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Italy’s ‘superbonus’ renovations delayed by builder shortages and bureaucracy

The popularity of Italy's so-called 'superbonus' and the complexity of accessing it has led to setbacks in renovation timescales, leaving some property owners worried about whether they'll actually complete their building jobs in time.

 People at a building site in Catania, Italy.
Complex bureaucracy has meant a long wait for many to start their renovation projects.  Photo: Andreas Solaro/AFP

For months now, people planning to renovate their property using the government’s financial incentives have faced delays.

Bureaucratic procedures and difficulties with authorising work were noted as early as March – and it’s a backlog that keeps building up, with some reporting they’ve abandoned their plans altogether by this point.

Italy introduced the ‘superbonus 110‘ to restart a sluggish economy following the impacts of the pandemic, offering homeowners a tax deduction of up to 110% on expenses related to making energy upgrades and reducing seismic risk.

READ ALSO: From renovating property to buying a new car: 28 tax ‘bonuses’ you can claim from the Italian government

Interest in the scheme has been so high that the government has confirmed it intends to extend the bonus beyond 2022, following surging demand for construction companies.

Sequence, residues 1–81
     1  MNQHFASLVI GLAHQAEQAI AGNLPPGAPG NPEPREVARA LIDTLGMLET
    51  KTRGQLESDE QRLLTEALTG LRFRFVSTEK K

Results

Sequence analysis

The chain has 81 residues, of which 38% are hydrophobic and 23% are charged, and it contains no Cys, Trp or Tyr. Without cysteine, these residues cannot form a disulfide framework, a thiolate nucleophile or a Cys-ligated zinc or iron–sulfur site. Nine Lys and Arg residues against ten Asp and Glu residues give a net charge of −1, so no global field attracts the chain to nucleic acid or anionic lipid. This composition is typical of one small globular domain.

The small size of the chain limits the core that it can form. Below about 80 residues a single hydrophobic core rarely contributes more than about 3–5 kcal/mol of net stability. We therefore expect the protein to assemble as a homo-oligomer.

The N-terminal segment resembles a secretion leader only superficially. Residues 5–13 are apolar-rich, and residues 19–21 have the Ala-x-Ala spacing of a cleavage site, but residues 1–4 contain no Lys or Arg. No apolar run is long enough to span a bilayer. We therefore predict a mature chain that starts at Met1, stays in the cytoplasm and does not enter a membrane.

Economy Minister Daniele Franco put the plans in writing in the Italian government’s latest Economic and Financial Document (DEF) update, which sets economic targets for the future.

“The planned path for the three-year period 2022-2024 will make it possible to cover the needs for unchanged policies and the renewal of several measures of economic and social importance,” he wrote.

Economy Deputy Minister Laura Castelli of the Five Star Movement (M5S) told reporters, “The confirmation of the extension of the 110% Superbonus to 2023 is excellent news. It is a measure that works very well, as well as being one of the main pillars of the ecological transition, which is helping the economy to restart.”

Builders carry out renovations.
Italy’s ‘superbonus’ funds are available, but the scheme’s popularity is causing delays. Photo: Annie Gray on Unsplash

The ‘superbonus’ extension has still not been funded

It’s not all plain sailing for those planning on making renovations just yet.

Despite Italian media reporting that there’s no doubt the bonus will be extended, it’s yet to be included in the next Budget Law (Legge di Bilancio), meaning it can’t completely be taken for granted.